Guidelines for monitoring the star rain for 2012

Guidelines for monitoring the star rain for 2012 Facts

The most important meteor shower in 2012 will be the Lyrids, due in April. Lyrids night promises to be a moonless, dark, so it will not hurt to enjoy the starry rain this year!

> April 22-2012, Lyrids

Lyrids meteor shower — April "shooting stars" — promises to be bright, with visible tails of meteors. During the peak of the event in the sky will fly 10-20 meteors per hour, a possible wave of hundreds of objects. Radiant of this shower is the constellation Lyra, rising in the north east around 10 pm. Fortunately, in 2012, the evening of 21 April in the sky new moon, so the sky is dark, and the Lyrids are visible, growing stronger day before dawn on April 22 or the next night (22/23 April).

> 5 and 6 May 2012, the Aquarids

This stream has a fairly broad maximum, but the greatest number of stars will be observed at the beginning of May (May 5-6, at dawn). Unfortunately, the event coincides with the full moon, this year, is located nearest to the Earth and affect the visibility of rain. In northern latitudes, the number of meteors will be low in the southern U.S. to 10-20 meteors per hour. In the southern hemisphere, the density is much higher (2-3 times). This radiant Aquarids will be in the east-south-east, about 4 in the morning. The meteors will fly above the Earth in a few days before the date specified in the forecast (broad peak of rain), but because of the bright moon, we can see only the big 5-6 May before sunrise.

> July 28-29, 2012, Delta Aquarids

This star rain will be seen in the Southern Hemisphere and in tropical north, between moonset and sunrise in the southern sky. In the temperate latitudes of the northern hemisphere meteor rate will be 15-20 per hour in dark sky. Unlike other meteor showers, the Delta Aquarids no pronounced peak, but they have more visibility period (late July — early August) due to high speed.

> 12-13 August 2012, the Perseid

Perseids will be visible after midnight towards the morning. Waning Moon almost hurt to see the flight of meteors, perhaps only a slight reduction in visibility during peak rain. Radiant and bright Perseid fast starts in the constellation Perseus, after which the flow is distributed across the starry sky. Many consider this the best star rain, as an hour in the sky at the same time can fly up to 50 brightest meteors with long tails. Rain is expected in the night of 11 to 12 or from 12 to 13 August.

> October 7, 2012, Draconids

Draconid radiant constellation Draco will be in the northern sky. This phenomenon is unusual for many reasons: the radiant is at an extremely high point in the sky, rain is better visible in the evening, not the morning. Usually Draconids — quiet rain with little leisurely meteors visible in an hour. In rare cases, this time can be seen hundreds of times more meteors than during other rains. When moonless weather phenomenon can be observed in the evening on 7 and 8 October.

> October 21, 2012, Orionids

On entering Waning Crescent Moon on October 20 between midnight and sunrise will be best to consider the star rain Orionids. The maximum number of meteors per hour at 15 rapidly rotating units. Sometimes they leave visible tails and bright light. Orionid radiant is north of Betelgeuse, the main star of Orion. Most of the meteors fly after midnight, the brightest objects appear closer to sunrise.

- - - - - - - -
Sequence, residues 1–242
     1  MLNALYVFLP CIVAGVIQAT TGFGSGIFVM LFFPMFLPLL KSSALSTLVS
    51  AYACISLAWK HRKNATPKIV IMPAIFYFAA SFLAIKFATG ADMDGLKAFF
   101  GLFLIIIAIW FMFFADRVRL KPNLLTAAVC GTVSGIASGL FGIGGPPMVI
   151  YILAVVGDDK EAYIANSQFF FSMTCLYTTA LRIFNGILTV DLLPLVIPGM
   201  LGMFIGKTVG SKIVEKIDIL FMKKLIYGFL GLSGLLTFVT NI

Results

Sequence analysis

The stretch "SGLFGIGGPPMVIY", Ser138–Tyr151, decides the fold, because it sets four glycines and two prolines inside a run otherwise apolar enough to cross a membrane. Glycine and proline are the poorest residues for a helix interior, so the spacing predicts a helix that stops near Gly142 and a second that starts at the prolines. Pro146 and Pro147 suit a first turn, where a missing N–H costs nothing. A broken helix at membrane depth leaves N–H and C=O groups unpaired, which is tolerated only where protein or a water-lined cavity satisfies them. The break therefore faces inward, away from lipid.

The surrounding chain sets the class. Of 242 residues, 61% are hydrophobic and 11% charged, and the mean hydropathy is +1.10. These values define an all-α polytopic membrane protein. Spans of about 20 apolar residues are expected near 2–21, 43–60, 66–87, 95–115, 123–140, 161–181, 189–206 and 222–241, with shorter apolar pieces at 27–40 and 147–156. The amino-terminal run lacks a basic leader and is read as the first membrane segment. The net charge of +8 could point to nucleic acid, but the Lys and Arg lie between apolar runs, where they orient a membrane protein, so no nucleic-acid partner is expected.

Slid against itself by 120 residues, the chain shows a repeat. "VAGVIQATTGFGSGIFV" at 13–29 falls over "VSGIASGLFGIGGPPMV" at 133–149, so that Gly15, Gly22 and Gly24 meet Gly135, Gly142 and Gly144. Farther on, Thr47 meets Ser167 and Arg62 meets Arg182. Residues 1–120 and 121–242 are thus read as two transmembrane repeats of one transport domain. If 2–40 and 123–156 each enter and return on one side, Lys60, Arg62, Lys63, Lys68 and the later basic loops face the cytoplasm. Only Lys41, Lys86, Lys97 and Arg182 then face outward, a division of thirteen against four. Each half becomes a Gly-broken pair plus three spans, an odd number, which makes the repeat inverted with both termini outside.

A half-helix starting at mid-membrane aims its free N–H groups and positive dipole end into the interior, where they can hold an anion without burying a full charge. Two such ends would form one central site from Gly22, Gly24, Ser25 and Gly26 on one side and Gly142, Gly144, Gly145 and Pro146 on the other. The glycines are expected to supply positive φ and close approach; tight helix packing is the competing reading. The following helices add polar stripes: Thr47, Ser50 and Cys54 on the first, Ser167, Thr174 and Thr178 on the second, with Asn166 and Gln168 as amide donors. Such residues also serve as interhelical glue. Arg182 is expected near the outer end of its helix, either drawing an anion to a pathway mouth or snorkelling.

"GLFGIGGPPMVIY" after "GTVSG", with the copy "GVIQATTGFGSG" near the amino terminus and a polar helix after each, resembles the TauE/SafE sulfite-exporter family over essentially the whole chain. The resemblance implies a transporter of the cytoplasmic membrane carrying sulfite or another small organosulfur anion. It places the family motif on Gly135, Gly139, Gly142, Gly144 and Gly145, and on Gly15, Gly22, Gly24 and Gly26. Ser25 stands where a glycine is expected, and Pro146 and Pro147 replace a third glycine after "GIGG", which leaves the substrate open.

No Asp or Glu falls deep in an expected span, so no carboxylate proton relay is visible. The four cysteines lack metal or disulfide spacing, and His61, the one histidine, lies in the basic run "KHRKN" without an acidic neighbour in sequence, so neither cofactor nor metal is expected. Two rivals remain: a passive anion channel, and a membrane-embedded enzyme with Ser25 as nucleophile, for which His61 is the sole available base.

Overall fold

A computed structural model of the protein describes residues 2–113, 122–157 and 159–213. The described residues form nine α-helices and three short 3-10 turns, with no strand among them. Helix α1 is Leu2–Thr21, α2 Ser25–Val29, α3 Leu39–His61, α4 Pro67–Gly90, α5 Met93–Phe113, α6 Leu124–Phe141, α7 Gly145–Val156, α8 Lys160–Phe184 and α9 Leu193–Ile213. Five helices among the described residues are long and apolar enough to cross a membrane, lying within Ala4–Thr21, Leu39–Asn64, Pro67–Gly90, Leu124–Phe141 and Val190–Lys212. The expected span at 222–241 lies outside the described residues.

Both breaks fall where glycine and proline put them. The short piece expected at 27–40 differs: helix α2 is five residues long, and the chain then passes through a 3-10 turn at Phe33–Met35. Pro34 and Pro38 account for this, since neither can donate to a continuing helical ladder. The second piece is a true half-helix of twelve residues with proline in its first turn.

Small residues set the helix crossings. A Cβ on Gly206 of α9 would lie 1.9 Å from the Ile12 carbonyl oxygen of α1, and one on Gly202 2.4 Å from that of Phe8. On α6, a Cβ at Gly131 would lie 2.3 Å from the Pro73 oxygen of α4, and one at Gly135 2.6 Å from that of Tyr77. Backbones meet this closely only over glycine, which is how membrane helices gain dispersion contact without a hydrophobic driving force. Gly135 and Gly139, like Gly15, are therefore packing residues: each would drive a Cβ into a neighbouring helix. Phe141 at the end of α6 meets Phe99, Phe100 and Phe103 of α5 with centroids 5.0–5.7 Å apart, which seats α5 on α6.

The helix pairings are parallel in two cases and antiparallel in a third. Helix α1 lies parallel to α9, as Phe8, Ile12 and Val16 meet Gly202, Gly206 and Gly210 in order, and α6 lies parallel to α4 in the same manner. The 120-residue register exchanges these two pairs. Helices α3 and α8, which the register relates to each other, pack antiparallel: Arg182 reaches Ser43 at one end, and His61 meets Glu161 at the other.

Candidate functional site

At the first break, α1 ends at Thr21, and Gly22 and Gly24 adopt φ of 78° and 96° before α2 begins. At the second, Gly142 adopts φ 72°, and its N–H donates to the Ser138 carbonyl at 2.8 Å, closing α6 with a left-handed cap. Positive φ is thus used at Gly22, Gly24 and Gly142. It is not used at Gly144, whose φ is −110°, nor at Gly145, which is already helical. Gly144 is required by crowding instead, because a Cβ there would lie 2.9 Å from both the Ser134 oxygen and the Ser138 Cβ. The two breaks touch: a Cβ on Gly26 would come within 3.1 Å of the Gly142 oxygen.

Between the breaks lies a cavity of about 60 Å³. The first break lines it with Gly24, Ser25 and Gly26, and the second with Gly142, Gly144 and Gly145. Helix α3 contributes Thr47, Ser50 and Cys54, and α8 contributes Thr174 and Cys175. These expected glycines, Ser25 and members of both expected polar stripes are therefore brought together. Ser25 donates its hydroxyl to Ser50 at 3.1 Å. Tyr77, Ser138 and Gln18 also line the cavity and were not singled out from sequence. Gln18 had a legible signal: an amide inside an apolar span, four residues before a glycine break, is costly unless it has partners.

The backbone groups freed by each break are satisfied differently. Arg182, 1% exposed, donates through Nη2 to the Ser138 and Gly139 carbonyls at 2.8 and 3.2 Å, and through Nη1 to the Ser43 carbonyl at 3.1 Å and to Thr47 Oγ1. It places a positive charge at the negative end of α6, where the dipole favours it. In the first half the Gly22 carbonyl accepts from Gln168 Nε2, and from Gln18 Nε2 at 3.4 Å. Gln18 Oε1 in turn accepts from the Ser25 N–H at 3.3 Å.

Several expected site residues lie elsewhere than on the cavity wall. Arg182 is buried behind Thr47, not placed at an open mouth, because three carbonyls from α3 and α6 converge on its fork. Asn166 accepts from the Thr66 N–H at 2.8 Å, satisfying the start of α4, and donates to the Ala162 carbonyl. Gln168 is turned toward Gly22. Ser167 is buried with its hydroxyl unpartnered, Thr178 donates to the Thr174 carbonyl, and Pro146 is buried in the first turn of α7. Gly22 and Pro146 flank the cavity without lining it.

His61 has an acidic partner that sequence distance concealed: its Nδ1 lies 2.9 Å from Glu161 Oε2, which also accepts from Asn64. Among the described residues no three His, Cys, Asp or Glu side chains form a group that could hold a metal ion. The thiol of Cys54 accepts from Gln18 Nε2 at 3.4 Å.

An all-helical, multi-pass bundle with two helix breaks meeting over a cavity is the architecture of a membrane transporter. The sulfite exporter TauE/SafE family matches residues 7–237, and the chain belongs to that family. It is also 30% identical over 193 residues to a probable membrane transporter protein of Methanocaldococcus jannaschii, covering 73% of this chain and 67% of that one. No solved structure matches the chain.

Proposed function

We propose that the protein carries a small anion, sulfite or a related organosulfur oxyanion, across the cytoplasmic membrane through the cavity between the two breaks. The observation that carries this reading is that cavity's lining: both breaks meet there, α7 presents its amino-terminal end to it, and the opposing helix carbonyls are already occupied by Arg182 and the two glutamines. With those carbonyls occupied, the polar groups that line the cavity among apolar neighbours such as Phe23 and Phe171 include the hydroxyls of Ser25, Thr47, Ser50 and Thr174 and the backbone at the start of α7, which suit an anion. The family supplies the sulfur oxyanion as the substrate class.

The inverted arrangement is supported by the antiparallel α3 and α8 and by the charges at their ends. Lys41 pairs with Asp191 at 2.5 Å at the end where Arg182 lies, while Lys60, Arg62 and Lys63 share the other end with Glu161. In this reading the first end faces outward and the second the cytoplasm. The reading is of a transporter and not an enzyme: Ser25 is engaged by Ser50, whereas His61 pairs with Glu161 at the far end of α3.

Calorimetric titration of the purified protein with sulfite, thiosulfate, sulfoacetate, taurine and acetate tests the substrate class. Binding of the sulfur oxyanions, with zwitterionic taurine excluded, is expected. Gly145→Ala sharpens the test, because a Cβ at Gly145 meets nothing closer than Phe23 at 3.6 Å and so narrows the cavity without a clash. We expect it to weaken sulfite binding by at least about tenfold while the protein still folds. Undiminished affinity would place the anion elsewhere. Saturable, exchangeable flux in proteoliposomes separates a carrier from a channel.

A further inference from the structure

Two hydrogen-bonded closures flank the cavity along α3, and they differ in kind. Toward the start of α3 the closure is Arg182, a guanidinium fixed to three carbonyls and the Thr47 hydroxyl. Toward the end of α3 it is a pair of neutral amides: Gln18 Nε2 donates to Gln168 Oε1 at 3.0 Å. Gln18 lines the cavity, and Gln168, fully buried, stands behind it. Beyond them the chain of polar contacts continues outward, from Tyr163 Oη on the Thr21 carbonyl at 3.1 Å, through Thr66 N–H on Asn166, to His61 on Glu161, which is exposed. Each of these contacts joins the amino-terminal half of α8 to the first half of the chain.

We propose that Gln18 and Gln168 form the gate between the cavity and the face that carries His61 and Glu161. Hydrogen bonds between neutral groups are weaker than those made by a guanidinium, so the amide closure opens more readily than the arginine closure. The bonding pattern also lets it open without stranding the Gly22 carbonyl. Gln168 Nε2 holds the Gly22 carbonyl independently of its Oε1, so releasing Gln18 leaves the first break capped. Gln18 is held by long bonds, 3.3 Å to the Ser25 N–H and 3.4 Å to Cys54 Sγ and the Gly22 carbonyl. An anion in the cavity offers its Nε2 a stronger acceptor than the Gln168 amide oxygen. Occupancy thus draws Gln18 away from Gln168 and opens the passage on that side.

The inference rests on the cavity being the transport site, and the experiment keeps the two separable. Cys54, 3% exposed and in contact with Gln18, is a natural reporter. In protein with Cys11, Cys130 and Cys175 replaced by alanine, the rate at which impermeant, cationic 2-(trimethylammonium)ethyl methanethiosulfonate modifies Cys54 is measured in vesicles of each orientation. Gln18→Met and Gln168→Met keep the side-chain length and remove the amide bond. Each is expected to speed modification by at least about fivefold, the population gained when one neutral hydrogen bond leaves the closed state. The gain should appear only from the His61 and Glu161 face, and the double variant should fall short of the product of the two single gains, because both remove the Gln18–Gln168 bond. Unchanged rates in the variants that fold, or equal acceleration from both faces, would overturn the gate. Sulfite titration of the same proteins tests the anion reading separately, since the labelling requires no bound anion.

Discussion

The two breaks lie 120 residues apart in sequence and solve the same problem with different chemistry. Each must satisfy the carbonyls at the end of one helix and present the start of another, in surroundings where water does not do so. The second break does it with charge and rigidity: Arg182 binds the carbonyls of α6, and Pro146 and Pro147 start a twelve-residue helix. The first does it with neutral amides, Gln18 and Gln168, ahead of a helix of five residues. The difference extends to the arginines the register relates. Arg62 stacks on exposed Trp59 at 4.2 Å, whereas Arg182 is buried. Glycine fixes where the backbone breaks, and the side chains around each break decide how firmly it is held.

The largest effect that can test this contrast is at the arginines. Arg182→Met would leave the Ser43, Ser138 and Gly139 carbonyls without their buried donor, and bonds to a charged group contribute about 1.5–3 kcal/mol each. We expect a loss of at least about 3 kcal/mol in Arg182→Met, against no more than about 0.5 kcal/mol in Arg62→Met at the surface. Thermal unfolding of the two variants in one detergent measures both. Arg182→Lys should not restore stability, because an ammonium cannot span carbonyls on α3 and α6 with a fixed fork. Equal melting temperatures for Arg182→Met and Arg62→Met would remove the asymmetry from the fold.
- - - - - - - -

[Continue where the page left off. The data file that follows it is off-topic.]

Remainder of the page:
> 4-5 November 2012, Southern Taurids

Southern Taurids — the best gift for the passionate fans of star rains. It is very wide and long stream of meteors (visible from September 25 to November 25), but in an hour you can watch just about seven objects. Southern Taurid peak in 2012, around the time before dawn on November 5. Spectacle not hurt already stranded at this time waning moon.

> 11-12 November 2012, the Northern Taurids

Feed will be held from October 12 to December 2, with a modest number of meteors per hour (seven). Maximum of meteors can be seen near the morning on November 12 in the constellation Taurus. The moon will rise just closer to the rising of the sun and will not prevent viewing albeit slow moving, but quite bright Northern Taurids.

> 16-17 November 2012 Leonids

Famous Leonid radiant is in the constellation Leo. History remembers the Leonids of 1966, when the sky could be seen thousands of meteors per hour, creating the effect of the rain. All objects are moved from one point (the constellation Leo) and create the desire to bend down to the ground — it was so impressive sight. Leonids 1966 was no exception, as it does not fit into the normal cycle of movement of meteors (33-34 years) with the number of 10-15 meteors per hour. Best star rain will be visible just before dawn on November 17. The moon sits in the early evening on November 16, and the sky is dark enough.

> December 13-14, 2012, the Geminids

At the end of the year traditionally the star parade rains Geminids (50 per hour). Together with the Perseids this rain is the most spectacular. December 13-14, New Moon is expected at the peak of the Geminids, which will create the best conditions for observation, which can start as early as 9.10 pm, is expected to peak around 2 am.

To see the star rain, it is important:

— dark sky, Moon (during Lyrids, Northern Taurid and Geminid);

— know the date and time of the event, spinning round the sun, the earth intersects with streams of meteors, comets icy particles. When this cometary debris enters our atmosphere, it evaporates, and we see a trace of it in the form of evaporation "star Rain."

— choose a convenient place of observation, have binoculars;

— remember that all forecasts are approximate, despite considerable efforts of astronomers

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